Prime Minister Fumio Kishida on Tuesday said he was not planning to dissolve parliament for a snap election during the current parliamentary session set to conclude on June 23, after his ruling Liberal Democratic Party suffered a slew of setbacks.

Asked whether he was considering a snap poll, Kishida told reporters at the Prime Ministers' Office that his position was clear.

"As I have always said, I am now concentrating on political reforms and other issues that cannot be postponed," he said. "I am thinking of nothing else but achieving results in those areas.”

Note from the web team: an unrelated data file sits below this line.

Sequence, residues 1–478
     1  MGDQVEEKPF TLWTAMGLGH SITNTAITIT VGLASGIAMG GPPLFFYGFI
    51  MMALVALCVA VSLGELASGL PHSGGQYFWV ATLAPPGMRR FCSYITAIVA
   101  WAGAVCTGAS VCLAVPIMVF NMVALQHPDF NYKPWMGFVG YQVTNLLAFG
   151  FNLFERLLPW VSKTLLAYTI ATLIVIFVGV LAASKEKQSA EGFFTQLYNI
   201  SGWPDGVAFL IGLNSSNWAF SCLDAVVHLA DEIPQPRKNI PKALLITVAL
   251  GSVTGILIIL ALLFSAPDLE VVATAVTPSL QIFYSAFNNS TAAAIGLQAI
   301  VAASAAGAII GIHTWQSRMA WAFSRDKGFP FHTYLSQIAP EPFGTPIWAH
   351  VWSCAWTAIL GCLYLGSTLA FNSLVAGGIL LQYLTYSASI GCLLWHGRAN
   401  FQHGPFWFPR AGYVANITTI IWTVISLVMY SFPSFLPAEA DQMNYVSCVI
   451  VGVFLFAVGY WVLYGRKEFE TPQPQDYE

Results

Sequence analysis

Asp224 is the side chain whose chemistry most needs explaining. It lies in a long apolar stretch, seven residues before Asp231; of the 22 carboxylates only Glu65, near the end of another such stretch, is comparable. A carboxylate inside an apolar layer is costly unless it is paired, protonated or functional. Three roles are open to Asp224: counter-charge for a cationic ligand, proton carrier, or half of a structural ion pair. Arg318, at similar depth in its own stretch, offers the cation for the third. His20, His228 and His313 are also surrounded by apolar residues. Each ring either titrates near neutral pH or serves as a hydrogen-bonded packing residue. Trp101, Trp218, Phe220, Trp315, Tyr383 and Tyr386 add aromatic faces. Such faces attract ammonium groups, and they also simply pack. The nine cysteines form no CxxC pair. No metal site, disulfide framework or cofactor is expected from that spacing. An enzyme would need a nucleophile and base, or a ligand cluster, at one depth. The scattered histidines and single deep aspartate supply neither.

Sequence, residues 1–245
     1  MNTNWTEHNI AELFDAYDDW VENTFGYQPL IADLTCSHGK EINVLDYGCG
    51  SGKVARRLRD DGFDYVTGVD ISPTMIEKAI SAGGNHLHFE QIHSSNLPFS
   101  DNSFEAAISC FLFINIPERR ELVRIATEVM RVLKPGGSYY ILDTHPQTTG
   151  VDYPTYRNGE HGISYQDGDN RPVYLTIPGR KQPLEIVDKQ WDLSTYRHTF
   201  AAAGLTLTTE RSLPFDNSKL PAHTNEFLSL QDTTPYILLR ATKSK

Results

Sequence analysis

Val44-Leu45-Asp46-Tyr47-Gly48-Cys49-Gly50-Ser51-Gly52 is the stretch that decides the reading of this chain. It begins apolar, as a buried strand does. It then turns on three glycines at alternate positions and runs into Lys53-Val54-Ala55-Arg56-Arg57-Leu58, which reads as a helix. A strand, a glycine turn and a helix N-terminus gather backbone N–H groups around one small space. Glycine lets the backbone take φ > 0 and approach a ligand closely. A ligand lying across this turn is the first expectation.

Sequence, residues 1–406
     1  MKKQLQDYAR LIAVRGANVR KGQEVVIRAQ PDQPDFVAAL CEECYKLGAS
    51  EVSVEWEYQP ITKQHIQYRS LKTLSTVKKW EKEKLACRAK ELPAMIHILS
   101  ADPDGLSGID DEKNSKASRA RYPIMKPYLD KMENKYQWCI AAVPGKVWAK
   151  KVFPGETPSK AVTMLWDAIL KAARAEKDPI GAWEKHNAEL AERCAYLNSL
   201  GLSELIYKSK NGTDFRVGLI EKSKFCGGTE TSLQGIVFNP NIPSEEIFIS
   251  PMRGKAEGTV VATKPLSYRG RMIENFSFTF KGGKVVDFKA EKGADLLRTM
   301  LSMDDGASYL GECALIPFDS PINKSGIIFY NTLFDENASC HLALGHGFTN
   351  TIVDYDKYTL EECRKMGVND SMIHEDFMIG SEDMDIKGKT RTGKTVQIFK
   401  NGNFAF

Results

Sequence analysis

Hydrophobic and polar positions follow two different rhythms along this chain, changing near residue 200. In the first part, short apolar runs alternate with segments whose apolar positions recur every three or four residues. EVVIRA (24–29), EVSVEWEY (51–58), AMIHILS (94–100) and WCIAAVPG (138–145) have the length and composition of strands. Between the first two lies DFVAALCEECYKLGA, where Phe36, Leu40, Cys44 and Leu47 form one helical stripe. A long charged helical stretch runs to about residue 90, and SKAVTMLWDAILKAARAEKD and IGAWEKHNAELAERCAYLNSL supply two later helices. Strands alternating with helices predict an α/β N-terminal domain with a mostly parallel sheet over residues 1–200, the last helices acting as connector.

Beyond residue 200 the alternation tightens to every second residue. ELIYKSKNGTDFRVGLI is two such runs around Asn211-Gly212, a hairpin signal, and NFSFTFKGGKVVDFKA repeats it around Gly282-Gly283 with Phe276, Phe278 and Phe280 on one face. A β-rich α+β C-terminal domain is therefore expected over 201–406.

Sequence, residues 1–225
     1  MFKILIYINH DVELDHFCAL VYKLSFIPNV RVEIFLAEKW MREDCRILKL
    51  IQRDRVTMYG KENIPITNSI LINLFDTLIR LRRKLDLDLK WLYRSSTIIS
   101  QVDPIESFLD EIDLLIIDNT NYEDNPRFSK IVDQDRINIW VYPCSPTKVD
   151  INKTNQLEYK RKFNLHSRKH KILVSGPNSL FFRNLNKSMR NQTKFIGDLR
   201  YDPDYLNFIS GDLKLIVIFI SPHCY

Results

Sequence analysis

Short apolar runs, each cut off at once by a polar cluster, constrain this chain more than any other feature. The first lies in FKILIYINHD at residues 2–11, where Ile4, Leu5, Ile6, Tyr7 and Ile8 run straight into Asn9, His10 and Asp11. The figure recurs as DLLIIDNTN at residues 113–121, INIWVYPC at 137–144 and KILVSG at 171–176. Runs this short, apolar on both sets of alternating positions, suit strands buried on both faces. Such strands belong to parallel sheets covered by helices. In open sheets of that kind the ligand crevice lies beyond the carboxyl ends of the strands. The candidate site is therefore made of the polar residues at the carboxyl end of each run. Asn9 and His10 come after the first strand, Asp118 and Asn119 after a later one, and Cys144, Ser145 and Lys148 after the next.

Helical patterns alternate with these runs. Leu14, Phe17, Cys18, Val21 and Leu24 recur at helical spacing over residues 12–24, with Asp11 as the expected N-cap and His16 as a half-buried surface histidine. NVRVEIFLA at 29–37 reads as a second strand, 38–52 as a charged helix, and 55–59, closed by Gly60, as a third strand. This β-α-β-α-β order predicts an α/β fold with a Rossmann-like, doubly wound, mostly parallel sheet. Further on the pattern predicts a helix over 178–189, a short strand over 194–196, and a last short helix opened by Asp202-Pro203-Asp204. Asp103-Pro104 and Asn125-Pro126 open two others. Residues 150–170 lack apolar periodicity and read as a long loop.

Kishida's Cabinet has been saddled with record-low approval ratings, as the LDP grapples with a recent political funds scandal within his party.

The prime minister had reportedly been eyeing a scenario in which he called a snap election, with a win by the ruling bloc buoying him ahead of September's ruling party leadership race. The head of the ruling party concurrently serves as prime minister.

But recent by-election losses have pushed ruling bloc lawmakers to oppose any attempt to call a snap election before the session concludes.

In one move that could provide a boost for Kishida, a bill to revise the political funds control law submitted by the LDP was expected to pass the Lower House as early as Thursday.

Also Tuesday, the LDP and the main opposition Constitutional Democratic Party of Japan agreed to hold a question and answer session attended by Kishida at the Lower House's political reform special committee on Wednesday.